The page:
Business first: today I went to school, found an Aldi on the way home (did you hear that the founder of Aldi recently died? It made national news here – they had a five minute program on him) and brought home some tortellini for lunch.
As I was eating, Anna and Victor came home, and Anna sat down to chat with me while I finished. We got to talking about a couple of my classmates from the language school, Alexandra and Marina. Both girls are from Spain (Alexandra und Marina kommt aus Spanien) and both had come to Germany as aupairs. Apparently, Alexandra’s host family decided that she wasn’t a good fit for them, told her this Monday, and had her on a plane back home by Tuesday morning.
Marina’s family lives out in the middle of nowhere, and she has to walk an hour just to get to the train station, at which point it takes her another 45 minutes to an hour to get to the language school. She said that sometimes, she gets a ride to the station, but then she gets to school four hours early for class. And when she goes home after class, her host family has her basically working like a live-in maid, doing all the housework and laundry. They won’t even let her borrow a bike, (which they never use) because it’s too expensive to trust to an aupair. Marina often can’t get her homework done because the family keeps her busy until late at night, and she has to get up at about 5 or 6 in the morning.
To be perfectly honest, I was just a tiny bit livid at this family. Still am. Marina is a really sweet, kind of shy girl with a hysterical sense of humor. And she works hard enough in class that I would judge her to be a hard-worker in general. It infuriates me that this family would take advantage of her like that. She’s thinking of finishing out this course and then either finding a new family, or going home to Spain.
Anyway, Anna and I got to talking about aupairs and what the usual expectations are from families and the motivations behind becoming an aupair. She says that most aupairs (and I can see this at the playground or the store) are from Eastern block countries like the Ukraine and Russia, and they usually come to Germany with the intent of staying here, because it’s really hard to live in their home countries. So, because they don’t want to go back, they’ll bite through whatever crap their host families throw at them, just to stay in Germany. American aupairs are rare, but Anna says that for most English-speaking aupairs, the motivation is one of three things: they’ve got a boyfriend or family roots here, they’re looking for a job or to study in Germany, or they don’t have much money but they want to travel. (Obviously, I fall into that last category. :D)
On the family’s side, Anna explained that she has a unique perspective compared to most host-moms because she was an aupair herself. She wanted someone to help with her kids, sure, but there was also an added desire to have someone who was culturally different enough that there could be a bit of a cultural exchange. “With most families,” she told me, “The desire to have someone you can show your culture to and help experience your country, and the desire for help with the kids is about 5% of the first and 95% of the second. For me, it’s about 40% and 60%.”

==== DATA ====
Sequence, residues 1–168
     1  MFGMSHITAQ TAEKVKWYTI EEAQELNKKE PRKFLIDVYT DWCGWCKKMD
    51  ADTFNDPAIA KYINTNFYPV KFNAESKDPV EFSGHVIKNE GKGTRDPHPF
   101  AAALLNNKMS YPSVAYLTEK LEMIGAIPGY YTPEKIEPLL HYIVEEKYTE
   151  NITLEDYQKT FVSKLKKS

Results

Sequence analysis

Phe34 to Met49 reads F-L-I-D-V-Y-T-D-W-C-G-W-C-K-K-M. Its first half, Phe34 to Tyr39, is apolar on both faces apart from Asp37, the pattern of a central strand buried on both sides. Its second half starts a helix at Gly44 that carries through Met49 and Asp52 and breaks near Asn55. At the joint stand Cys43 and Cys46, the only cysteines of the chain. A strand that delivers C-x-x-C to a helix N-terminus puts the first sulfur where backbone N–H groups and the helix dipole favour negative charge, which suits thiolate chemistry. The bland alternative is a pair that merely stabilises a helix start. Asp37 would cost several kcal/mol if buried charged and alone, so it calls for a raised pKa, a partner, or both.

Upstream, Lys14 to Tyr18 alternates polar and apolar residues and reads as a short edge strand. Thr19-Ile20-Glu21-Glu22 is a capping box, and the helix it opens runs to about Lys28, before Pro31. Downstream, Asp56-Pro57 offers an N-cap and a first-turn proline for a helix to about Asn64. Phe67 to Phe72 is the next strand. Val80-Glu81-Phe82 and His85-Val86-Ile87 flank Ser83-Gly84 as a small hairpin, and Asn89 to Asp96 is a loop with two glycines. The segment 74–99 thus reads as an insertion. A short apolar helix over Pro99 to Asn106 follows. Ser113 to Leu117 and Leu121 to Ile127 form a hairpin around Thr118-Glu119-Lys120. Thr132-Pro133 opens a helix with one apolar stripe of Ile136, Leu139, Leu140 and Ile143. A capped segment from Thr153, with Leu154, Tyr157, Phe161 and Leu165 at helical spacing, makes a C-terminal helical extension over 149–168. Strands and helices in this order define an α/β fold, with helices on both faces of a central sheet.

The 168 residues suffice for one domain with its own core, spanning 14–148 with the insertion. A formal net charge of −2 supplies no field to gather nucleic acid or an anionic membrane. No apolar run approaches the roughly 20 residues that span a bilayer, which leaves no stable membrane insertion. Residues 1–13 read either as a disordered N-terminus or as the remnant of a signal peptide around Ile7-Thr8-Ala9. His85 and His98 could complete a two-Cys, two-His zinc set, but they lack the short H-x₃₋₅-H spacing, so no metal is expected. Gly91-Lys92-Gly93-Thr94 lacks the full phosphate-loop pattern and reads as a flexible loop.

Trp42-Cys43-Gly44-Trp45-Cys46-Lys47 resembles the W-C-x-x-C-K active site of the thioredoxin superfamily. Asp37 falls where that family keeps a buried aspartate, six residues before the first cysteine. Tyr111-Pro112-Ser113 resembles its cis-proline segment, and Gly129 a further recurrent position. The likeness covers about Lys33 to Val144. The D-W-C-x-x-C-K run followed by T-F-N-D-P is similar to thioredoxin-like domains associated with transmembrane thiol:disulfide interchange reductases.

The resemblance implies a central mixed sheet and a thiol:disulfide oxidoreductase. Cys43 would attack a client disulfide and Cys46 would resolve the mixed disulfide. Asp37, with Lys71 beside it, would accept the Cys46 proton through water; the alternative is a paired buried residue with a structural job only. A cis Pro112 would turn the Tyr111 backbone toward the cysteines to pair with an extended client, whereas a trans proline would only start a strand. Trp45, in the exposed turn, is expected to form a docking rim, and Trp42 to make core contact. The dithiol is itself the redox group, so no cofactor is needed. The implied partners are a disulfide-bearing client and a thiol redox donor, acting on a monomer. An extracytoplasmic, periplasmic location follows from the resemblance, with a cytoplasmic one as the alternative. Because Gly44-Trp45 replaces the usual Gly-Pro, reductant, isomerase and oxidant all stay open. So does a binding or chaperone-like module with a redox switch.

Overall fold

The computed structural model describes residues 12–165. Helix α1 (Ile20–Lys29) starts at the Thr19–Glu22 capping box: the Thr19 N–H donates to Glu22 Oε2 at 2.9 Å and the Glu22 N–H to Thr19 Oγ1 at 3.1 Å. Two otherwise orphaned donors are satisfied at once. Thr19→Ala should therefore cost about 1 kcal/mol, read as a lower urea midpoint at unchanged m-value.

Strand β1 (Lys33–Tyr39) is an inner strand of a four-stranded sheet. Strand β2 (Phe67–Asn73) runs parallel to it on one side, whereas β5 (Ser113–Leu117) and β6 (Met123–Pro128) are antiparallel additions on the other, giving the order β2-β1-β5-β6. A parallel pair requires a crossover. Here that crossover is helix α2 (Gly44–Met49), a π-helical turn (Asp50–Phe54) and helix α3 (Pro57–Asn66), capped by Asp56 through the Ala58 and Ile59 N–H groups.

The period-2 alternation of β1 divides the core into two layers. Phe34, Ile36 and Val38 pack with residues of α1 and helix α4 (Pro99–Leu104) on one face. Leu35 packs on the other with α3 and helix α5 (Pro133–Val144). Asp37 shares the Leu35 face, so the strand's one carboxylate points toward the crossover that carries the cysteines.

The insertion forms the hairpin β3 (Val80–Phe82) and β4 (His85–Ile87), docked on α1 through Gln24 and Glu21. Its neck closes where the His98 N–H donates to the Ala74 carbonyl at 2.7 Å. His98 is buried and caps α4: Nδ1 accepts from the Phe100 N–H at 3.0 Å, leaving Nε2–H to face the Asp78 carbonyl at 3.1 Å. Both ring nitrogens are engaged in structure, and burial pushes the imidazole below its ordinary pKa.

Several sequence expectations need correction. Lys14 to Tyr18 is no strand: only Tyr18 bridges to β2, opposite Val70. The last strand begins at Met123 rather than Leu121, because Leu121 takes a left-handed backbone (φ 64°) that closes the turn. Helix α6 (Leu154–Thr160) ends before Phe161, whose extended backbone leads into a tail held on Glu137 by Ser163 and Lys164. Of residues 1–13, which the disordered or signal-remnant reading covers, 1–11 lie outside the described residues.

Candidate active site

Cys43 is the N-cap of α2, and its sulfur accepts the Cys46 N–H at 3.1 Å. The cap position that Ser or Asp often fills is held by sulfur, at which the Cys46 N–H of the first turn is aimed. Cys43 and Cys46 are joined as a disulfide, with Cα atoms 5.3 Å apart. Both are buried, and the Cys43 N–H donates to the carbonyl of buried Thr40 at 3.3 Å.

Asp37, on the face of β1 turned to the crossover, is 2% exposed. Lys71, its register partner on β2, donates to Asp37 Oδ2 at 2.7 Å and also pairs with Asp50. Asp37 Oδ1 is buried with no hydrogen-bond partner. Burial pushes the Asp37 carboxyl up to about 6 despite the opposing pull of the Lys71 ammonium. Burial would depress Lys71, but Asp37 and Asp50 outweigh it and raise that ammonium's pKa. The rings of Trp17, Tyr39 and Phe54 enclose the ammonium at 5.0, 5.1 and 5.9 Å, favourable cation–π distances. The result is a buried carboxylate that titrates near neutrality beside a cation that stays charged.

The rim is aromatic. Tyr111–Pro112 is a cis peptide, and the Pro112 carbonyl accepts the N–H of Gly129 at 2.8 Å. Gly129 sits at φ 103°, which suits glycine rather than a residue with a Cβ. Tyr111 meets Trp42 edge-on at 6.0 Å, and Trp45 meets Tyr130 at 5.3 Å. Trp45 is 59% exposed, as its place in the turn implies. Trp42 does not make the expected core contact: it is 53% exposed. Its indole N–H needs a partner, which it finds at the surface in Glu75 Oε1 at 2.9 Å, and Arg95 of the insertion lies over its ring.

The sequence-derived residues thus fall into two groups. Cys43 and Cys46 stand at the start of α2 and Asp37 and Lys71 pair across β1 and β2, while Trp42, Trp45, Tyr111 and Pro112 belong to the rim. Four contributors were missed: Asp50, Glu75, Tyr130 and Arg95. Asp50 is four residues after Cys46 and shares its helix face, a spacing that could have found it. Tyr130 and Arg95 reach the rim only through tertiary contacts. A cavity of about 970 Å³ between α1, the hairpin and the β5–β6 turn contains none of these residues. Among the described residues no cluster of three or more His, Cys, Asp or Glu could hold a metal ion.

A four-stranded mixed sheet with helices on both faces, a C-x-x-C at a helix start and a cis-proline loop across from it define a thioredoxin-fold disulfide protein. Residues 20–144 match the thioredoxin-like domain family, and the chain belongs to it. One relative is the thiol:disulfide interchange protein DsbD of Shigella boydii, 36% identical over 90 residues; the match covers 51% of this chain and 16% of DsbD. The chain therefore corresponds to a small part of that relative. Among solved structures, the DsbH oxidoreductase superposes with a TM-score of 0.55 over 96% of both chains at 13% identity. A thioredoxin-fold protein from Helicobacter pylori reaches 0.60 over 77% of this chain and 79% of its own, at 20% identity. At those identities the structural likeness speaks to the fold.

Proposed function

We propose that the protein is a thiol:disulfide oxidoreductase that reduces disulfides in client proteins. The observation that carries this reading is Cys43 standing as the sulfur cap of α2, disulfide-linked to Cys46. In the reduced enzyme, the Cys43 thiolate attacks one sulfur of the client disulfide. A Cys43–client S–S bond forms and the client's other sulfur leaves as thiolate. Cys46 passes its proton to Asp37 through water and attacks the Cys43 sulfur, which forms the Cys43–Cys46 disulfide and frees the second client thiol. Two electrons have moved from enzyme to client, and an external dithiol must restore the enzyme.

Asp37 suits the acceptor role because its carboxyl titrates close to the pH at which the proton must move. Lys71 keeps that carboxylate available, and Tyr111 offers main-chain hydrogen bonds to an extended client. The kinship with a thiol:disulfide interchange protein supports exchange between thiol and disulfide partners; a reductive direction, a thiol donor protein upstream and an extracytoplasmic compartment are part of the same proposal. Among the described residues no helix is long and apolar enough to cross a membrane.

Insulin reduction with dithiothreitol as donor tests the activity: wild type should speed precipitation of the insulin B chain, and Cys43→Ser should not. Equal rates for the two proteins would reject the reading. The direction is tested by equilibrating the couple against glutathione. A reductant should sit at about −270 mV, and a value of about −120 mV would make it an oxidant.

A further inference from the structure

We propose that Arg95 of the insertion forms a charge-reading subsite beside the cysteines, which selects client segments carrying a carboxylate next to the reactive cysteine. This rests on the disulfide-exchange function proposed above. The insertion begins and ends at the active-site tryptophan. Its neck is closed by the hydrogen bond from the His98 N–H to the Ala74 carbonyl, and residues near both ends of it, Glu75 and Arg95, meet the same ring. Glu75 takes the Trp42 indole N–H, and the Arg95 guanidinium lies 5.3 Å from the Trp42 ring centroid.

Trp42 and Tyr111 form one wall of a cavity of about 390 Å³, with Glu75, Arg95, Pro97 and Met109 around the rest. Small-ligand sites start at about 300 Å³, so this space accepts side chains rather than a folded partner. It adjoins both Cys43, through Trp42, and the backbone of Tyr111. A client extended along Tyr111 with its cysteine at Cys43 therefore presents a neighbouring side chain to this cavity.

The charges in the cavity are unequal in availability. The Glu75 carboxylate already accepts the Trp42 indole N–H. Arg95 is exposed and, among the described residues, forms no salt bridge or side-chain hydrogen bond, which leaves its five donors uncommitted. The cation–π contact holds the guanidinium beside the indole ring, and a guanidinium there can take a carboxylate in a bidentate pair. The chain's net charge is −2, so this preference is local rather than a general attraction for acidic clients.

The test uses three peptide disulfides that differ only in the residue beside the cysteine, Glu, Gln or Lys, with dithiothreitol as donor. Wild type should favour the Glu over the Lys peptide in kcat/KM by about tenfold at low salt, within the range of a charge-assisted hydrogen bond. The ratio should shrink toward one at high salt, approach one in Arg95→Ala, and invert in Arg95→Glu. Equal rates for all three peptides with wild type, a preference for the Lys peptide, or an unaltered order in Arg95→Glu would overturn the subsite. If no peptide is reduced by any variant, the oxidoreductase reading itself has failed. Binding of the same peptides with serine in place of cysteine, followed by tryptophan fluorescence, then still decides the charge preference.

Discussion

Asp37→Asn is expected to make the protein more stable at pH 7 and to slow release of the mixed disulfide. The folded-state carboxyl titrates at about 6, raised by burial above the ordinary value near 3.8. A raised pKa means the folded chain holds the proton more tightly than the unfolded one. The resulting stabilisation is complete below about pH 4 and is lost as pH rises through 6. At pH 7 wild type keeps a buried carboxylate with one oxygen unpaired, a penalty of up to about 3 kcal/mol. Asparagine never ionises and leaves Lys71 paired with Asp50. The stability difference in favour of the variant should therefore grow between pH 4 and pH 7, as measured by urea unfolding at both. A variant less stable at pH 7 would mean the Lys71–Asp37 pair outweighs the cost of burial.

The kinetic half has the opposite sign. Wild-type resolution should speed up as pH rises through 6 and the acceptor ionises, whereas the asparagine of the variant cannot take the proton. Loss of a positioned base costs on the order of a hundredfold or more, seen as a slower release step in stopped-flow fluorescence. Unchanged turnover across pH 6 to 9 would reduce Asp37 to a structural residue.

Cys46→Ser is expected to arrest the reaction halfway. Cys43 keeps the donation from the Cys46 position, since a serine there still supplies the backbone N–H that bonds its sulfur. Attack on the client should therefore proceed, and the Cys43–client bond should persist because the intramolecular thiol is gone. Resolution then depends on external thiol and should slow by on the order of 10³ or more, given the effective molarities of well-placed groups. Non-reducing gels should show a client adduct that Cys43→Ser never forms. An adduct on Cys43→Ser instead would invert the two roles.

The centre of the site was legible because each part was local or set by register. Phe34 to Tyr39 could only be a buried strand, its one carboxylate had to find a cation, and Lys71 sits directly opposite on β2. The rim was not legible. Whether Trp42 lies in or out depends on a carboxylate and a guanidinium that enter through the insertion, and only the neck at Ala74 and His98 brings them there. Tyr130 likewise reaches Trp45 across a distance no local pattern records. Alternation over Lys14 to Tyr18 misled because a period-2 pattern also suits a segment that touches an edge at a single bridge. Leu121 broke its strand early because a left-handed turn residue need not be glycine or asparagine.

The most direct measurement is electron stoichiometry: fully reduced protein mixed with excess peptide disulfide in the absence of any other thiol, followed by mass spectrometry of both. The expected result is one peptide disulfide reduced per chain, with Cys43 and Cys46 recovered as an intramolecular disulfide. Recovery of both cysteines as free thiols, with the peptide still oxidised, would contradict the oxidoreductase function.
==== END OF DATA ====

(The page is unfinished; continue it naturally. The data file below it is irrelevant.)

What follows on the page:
So I got to thinking about my motivation for coming – I’m definitely more on the “I have no money but am desperate to travel” end of the spectrum, but there’s also a strong desire to experience something different – it’s like what one of my professors at school told us. He explained that he often had students want to argue with him about his course material because it contradicted with what they grew up thinking. “I don’t want to necessarily convince you that you’re wrong and I’m right,” he told us, “Because I very well could be wrong. But it’s very difficult to evaluate something if you have nothing to compare it to.”
Or it’s like going to the ice-cream shop, and never having had any flavors but vanilla and chocolate before. You’re pretty sure chocolate is your favorite, but you’ve never had any other kind. So how can you know for sure? So for me, I want to experience a lot of “flavors” of things – settings, foods, people, etc – and decide if what I’ve always thought I liked is really what I actually like.
I’ve already discovered that, though I grew up in the country and small towns, I definitely prefer the city. There’s a life to the city that I find stimulating and exciting (and even oddly restful) in a way that small towns and suburbia never have been. On the other hand, though I’ve tried a lot of new foods the past few weeks, I’m pretty certain that pizza is still my all-time fave. :D
I think my motivations are pretty clear-cut. And I’m lucky that, because I just came from four years at a school where I worked for my education, I’m used to a program of working at a job I may or may not like (though I got ridiculously lucky and got a job that I adored) in order to earn the thing I want – in the case of school = my education, and here = living in a foreign country.
There are a lot of things I don’t like about this job. I don’t like being so confused and awkward all the time because I’m not exactly sure what people are talking about, I don’t like not having my friends and family close, etc. But the good things are far outweighing the bad at this point, and make it worth it. Anna warns that as the year goes on, I may start wondering just what the heck I’m doing here, and that by the time I go home I’ll be more than ready. And maybe she’s right – she was in this boat before me, after all, so she knows. But for now, I’m doing a job I like in a country I’m learning to understand and preparing myself for a future doing what I love.
Not a bad motivation, I suppose.